By Connie Evans, PA Entertainment Reporter
Harry Styles has said he thought having therapy “meant that you were broken” before experiencing the benefits for himself.
Styles, 28, whose new album Harry’s House is set to be released later this month, has reflected on finding fame at a young age and spoken candidly about his experience with therapy.
In an extended interview with Better Homes and Gardens magazine, Styles revealed he reluctantly began therapy around five years ago, telling the publication: “I thought it meant that you were broken.”
He added that, at the time, he was conscious of not becoming a celebrity cliché and “wanted to be the one who could say I didn’t need it”.
In a nod to the theme of his upcoming album, Styles said therapy had given him the tools to “open up rooms in himself” that he was previously unaware of, and learn to challenge his tendency to “emotionally coast”.
Styles went solo in 2016 after he and his One Direction bandmates embarked on an indefinite hiatus, and has since had a number one album and two number one singles in the UK, according to the Official Charts Company.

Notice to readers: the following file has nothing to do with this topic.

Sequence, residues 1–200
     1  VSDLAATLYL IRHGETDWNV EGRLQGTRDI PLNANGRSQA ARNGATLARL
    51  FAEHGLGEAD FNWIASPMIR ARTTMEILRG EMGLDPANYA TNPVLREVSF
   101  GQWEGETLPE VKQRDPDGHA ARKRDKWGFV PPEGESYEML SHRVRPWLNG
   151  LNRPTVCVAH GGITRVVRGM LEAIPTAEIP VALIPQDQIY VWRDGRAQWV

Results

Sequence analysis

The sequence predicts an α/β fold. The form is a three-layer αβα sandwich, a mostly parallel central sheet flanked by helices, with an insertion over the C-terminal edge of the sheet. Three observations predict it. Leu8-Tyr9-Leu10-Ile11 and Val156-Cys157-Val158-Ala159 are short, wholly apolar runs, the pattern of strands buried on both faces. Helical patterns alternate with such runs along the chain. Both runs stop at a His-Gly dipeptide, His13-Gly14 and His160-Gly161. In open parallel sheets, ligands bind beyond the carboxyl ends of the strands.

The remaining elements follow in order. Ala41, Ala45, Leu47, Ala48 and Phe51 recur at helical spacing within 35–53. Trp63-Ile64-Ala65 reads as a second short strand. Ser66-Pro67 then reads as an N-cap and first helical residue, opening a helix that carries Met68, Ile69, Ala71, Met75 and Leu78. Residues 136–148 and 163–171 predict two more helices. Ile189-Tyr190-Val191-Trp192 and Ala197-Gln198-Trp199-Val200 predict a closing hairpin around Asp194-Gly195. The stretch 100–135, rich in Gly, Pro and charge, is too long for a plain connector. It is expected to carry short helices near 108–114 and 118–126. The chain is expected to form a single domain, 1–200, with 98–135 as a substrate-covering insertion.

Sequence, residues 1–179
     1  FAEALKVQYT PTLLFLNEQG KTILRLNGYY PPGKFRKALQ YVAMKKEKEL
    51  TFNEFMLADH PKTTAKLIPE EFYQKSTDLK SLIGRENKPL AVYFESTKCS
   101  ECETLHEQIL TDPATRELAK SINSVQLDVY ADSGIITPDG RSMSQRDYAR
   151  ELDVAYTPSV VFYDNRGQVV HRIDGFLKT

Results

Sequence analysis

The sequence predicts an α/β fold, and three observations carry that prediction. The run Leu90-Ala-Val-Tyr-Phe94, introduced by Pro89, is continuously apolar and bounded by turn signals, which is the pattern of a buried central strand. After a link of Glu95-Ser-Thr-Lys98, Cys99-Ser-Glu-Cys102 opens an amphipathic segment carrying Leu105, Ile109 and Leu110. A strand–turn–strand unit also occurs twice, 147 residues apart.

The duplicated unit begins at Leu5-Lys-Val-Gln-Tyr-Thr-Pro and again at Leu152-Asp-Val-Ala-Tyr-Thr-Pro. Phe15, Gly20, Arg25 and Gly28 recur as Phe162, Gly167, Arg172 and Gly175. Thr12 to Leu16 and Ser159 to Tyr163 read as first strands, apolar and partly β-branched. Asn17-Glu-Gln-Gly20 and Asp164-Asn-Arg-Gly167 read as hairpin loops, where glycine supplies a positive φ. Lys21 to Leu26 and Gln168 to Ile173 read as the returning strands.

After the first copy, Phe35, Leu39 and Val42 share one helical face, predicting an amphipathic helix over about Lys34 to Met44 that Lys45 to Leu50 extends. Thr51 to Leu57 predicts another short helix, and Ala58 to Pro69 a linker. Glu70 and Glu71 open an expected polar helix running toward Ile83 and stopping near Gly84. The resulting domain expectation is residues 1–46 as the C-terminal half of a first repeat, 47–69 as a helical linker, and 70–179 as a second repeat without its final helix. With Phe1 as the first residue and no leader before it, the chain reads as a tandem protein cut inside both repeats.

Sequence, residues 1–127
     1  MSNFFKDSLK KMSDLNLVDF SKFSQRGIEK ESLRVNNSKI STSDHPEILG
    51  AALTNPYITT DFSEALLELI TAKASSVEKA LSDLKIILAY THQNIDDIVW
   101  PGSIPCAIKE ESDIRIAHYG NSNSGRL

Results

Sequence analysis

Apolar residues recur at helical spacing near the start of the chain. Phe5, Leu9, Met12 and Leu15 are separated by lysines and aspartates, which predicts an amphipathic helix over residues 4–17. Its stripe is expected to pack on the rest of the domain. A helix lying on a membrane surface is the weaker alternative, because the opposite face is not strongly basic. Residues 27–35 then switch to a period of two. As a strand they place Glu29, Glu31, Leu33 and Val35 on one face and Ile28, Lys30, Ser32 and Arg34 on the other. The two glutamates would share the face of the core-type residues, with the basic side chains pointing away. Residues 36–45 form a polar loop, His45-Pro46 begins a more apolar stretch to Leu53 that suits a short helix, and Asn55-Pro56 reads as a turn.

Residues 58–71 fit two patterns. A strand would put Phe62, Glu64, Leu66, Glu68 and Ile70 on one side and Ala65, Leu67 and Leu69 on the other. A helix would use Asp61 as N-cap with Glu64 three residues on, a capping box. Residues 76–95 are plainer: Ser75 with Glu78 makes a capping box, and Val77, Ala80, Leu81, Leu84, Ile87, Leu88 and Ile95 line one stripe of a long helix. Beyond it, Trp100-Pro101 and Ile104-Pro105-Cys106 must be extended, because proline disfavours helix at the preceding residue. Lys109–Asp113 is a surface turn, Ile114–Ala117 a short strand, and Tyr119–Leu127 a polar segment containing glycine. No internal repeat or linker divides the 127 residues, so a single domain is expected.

Styles added: “I think that accepting living, being happy, hurting in the extremes, that is the most alive you can be.
“Losing it crying, losing it laughing — there’s no way, I don’t think, to feel more alive than that.”
The Grammy-award winner also spoke about fellow singer-songwriter Billie Eilish and reflected on finding fame at such a young age in the same way as Eilish, 20.
Styles first gained recognition at the age of 16, after auditioning for the X Factor.
Of Eilish he said: “She was so much younger than I am, and, when I was in the band, we were always the young guys.
“When I did my first solo thing, I was still like the young guy. I’m not like an old man now, but she’s just a different generation.”
He also shared the “liberating” moment he realised that constantly trying to be “the young thing” would not make him happy.
“You can’t win music. It’s not like Formula One,” he told Better Homes and Gardens.
“I was like, in my lifetime, there will be 10 more people who burst on to the scene in that way, and I’m only going to get further away from being the young thing.
“So, get comfortable with finding something else that makes you happy. I just found that so liberating.”
The complete extended interview with Harry Styles can be found in the June issue of Better Homes and Gardens or online at BHG.com/Harry.